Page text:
Later that week, as I was constructing a real outline, I decided to take a break and go do some shopping. Walking around the now defunct Tower Records, I heard a song. When I got back in my car, I heard the same song. As I walked into Safeway, I heard the same song blasting from a shiny, black Charger. 

So close no matter how far
Couldn't be much more from the heart
Forever trust in who we are
And nothing else matters

All through the grocery store and on the way home, I was mumbling to myself these lines over and over till my sister looked at me and sternly said, “What the hell’s the matter with you?”

Deciding to stop for lunch at Emil Villa’s I told her of my plan and my meeting with Sandy. 

“Oh, God…not her again!” my sister said, holding her head in her hands. 

“Yes, her again…but I’m older now and I won’t be touching anything lethal.”

“That’s great, but why were you mumbling to yourself like that? I thought you were losing your mind!”

“I think she was sending me a message…you know, like a Muse is supposed to…the song…it’s my theme. The message I want to convey.”

“Metallica? Your message is Metallica?”

“No…well, yes…but no.”

I began to run my idea across to my sister and at a key moment of my explanation her eyes twinkled. I knew I had the right plan there and then. She reached in her purse and pulled out a tiny notebook and pen. 

“Here…right it down.”


“Write the lyric down so you’ll stop walking around mumbling to yourself. You were doing it all through the produce department at Safeway, and people were staring at you while you were reciting it to the tomatoes. I don’t want anyone thinking you’re as nuts as I know you are. I’m just grateful it wasn’t that sanitarium song or ‘Enter Sandman’.”

Now ­I was the one with the twinkling eyes! Thanks, Sandy!

Sandy still comes by now and again; usually just when I hit a small plot snag, or at first edit. Mom is a little more receptive to her, although she still hides the good china, her shoes, and locks-up our dog in the laundry room. After she leaves, my sister does some finger exercises to get ready for me because I usually write up a few thousand words or so, every day, for the next couple of months. 

Encourage and be nice to your Muse. Troublesome or not, they are pretty good to have around.

Tuesday, January 10, 2012

Kindred Spirits with a Flashlight

My friend and one of my favorite novelists, Deborah Cota, asked me to write a guest blog for her site.  You can read it here.  Hope you enjoy, and I would love to hear your comments.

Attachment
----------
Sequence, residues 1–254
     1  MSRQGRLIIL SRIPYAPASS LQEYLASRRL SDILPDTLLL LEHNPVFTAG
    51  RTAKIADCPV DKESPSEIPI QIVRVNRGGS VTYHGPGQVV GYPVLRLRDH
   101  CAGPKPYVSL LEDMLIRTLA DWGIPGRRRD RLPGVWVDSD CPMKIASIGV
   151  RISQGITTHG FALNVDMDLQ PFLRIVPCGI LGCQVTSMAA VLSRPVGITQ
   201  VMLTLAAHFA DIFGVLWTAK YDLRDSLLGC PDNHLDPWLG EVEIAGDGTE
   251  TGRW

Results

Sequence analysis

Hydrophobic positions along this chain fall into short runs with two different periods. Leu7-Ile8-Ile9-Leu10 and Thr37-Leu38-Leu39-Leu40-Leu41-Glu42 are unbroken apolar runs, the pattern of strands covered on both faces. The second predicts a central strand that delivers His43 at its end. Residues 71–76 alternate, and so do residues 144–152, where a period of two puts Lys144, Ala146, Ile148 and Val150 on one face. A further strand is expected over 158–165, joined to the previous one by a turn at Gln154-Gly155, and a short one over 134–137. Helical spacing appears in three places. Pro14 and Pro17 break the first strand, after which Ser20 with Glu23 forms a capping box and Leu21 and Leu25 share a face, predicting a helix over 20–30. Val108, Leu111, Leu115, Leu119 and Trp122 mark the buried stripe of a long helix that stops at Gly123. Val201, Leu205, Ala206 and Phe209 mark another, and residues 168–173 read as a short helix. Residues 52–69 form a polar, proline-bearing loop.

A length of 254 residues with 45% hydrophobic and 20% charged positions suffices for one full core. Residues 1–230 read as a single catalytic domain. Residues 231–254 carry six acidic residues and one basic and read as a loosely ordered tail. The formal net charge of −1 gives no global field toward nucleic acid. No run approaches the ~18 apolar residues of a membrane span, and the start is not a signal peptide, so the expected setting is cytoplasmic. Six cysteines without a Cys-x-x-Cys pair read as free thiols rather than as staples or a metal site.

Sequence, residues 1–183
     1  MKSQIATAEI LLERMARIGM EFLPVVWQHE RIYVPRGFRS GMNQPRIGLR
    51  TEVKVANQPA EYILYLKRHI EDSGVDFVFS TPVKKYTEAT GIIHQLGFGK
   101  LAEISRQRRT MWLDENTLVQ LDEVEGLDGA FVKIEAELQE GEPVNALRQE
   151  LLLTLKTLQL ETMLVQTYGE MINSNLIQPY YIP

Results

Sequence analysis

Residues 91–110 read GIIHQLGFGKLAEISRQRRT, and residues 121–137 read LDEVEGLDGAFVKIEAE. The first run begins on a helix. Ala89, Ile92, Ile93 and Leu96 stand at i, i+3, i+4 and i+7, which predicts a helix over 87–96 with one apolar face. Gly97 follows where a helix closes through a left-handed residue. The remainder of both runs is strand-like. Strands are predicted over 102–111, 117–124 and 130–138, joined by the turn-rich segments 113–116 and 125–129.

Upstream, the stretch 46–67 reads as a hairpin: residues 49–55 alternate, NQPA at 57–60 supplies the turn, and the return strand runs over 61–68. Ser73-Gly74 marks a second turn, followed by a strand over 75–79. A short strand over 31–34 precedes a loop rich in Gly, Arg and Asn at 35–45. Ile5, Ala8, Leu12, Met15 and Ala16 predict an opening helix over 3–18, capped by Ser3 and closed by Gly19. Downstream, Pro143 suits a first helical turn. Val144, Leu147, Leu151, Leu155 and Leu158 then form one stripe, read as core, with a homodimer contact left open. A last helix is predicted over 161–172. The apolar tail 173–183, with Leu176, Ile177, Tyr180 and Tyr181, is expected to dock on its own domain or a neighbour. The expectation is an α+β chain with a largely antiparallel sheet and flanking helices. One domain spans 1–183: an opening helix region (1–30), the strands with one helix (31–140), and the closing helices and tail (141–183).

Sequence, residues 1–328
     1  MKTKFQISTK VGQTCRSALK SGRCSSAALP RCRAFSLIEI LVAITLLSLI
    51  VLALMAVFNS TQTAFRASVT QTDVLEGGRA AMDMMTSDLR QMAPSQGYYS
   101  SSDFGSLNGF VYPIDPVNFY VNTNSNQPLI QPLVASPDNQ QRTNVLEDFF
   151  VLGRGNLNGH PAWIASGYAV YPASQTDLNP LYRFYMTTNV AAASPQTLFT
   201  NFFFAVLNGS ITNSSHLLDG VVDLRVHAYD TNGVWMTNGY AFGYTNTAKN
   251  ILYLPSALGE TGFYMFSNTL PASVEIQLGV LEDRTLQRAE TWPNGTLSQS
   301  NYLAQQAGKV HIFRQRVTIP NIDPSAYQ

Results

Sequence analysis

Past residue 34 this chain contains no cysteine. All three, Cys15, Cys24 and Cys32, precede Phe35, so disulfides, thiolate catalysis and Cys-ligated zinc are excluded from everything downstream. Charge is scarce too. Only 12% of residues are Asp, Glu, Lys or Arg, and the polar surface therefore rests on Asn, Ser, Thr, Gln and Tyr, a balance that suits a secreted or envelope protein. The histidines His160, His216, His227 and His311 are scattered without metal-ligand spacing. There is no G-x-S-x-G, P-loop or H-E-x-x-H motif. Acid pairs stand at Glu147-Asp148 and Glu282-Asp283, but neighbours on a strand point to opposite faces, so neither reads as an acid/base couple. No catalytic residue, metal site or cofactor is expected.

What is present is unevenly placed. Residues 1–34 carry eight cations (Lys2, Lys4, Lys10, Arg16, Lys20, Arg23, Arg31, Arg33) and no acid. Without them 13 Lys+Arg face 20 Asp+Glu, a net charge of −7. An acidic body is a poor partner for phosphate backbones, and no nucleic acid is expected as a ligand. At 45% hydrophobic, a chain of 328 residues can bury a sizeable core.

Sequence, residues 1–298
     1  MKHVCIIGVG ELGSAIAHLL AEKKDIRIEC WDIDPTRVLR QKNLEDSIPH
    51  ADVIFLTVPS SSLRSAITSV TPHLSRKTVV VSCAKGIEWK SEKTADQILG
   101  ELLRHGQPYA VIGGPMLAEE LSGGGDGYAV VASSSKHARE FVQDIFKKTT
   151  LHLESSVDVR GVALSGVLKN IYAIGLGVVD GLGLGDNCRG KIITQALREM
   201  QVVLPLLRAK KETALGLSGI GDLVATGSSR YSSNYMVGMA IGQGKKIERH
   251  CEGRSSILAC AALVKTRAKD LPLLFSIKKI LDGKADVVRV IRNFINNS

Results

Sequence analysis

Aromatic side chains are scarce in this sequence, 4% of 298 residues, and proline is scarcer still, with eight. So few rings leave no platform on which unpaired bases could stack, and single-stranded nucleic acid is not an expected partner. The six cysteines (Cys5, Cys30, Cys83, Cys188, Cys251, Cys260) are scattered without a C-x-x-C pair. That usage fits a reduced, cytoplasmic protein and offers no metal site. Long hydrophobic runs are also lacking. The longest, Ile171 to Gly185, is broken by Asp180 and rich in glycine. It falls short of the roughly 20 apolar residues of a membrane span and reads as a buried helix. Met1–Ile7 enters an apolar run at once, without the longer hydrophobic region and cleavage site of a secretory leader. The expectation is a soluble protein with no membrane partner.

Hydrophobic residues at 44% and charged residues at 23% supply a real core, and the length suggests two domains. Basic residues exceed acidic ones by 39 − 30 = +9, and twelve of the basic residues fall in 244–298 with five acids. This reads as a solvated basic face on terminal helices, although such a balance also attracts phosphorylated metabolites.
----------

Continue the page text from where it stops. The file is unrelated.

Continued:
You can find Deborah's book here:

The Kindred

Sunday, January 8, 2012

And Yet He is Still a Yeti

I've got a treat for you.  My best friend since first grade, Yancy, is guest posting today.  He has some amazing stories to tell, as you'll see by following the links below.  

--- Sam    

*                    *                    *

Oil and water.  Fire and gunpowder.  Spiders and…well, anything, because I hate spiders.  I’m talking about things that don’t go together, and often have serious consequences when placed in close proximity.

The most hilarious combination, I have found, is intelligent people and boredom.  I have been privileged to lead some of the finest soldiers the Army has to offer, in a less than ideal setting – western Iraq, just as the war was starting to wind down a bit.  Our job was one of the hardest I think, because it wasn’t to destroy, but to fix.  People.  My team ran the emergency and trauma section for one fourth of the country, but it wasn’t a continuous flow of broken bodies.  In between the hellish moments sat long periods of nothingness that would last days.  Buddha would have seen it as an opportunity.

My nirvana came when we received a new Doppler from medical supply.  About the size of a walkie-talkie, the device uses ultrasound to amplify certain bodily noises through a speaker – quite useful in quickly detecting heart rates of unborn babies or even blood flow of patients in shock.

I was trying to think like an officer, and give the guys something meaningful to do.

“Gentlemen, go into the trauma room and play with the Doppler.  Use it on each other, that way you know it forward and backwards.”

They willingly disappeared into the trauma room, and I heard the whoosh-whoosh of the machine periodically as one soldier would find another’s pulse.  Then I heard loud gurgling and laughing, as one soldier’s internal rumblings were broadcasted to the world.

Those of you who are parents know that when the room gets quiet, you better get up and check on the kids, because they are into something.  Soldiers are the same, so I started toward the trauma bays as I overheard.

Chad: That just doesn’t sound right to me.  Have you ever had any heart problems before?
Taylor:  No, never.  What does it sound like?
Ariel:  No murmurs, arrythmias, valve problems?
Taylor:  Nothing. Should we ask the captain?  Or the doc?
Chad and Ariel (mumbling together):  Definitely.  Absolutely.  Yeah, I think so.
Ariel:  The doc will want an EKG, should we just get one now?
Taylor:  Do you think that’s necessary?
Chad:  If we don’t, she’s just going to ask for one.  This should be looked at right away.